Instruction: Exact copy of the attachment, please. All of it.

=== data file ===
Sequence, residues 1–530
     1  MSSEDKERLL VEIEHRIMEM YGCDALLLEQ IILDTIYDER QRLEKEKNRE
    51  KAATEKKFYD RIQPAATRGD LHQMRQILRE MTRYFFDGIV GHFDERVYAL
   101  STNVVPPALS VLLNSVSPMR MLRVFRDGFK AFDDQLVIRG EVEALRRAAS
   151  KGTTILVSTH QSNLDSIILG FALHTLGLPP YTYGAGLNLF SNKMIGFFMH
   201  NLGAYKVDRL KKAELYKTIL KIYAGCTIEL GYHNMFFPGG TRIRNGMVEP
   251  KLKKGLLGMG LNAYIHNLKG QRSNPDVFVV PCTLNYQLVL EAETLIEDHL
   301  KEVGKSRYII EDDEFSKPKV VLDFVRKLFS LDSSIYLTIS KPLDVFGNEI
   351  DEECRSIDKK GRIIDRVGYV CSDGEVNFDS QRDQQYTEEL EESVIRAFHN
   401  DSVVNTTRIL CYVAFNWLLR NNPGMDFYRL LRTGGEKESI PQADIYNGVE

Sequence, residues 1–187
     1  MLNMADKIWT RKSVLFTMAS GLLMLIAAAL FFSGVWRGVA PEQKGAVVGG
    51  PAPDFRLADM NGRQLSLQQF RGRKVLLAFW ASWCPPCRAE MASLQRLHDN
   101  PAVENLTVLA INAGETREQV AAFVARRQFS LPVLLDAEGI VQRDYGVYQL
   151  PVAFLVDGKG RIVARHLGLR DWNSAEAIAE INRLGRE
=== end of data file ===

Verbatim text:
Sequence, residues 1–530
     1  MSSEDKERLL VEIEHRIMEM YGCDALLLEQ IILDTIYDER QRLEKEKNRE
    51  KAATEKKFYD RIQPAATRGD LHQMRQILRE MTRYFFDGIV GHFDERVYAL
   101  STNVVPPALS VLLNSVSPMR MLRVFRDGFK AFDDQLVIRG EVEALRRAAS
   151  KGTTILVSTH QSNLDSIILG FALHTLGLPP YTYGAGLNLF SNKMIGFFMH
   201  NLGAYKVDRL KKAELYKTIL KIYAGCTIEL GYHNMFFPGG TRIRNGMVEP
   251  KLKKGLLGMG LNAYIHNLKG QRSNPDVFVV PCTLNYQLVL EAETLIEDHL
   301  KEVGKSRYII EDDEFSKPKV VLDFVRKLFS LDSSIYLTIS KPLDVFGNEI
   351  DEECRSIDKK GRIIDRVGYV CSDGEVNFDS QRDQQYTEEL EESVIRAFHN
   401  DSVVNTTRIL CYVAFNWLLR NNPGMDFYRL LRTGGEKESI PQADIYNGVE

Sequence, residues 1–187
     1  MLNMADKIWT RKSVLFTMAS GLLMLIAAAL FFSGVWRGVA PEQKGAVVGG
    51  PAPDFRLADM NGRQLSLQQF RGRKVLLAFW ASWCPPCRAE MASLQRLHDN
   101  PAVENLTVLA INAGETREQV AAFVARRQFS LPVLLDAEGI VQRDYGVYQL
   151  PVAFLVDGKG RIVARHLGLR DWNSAEAIAE INRLGRE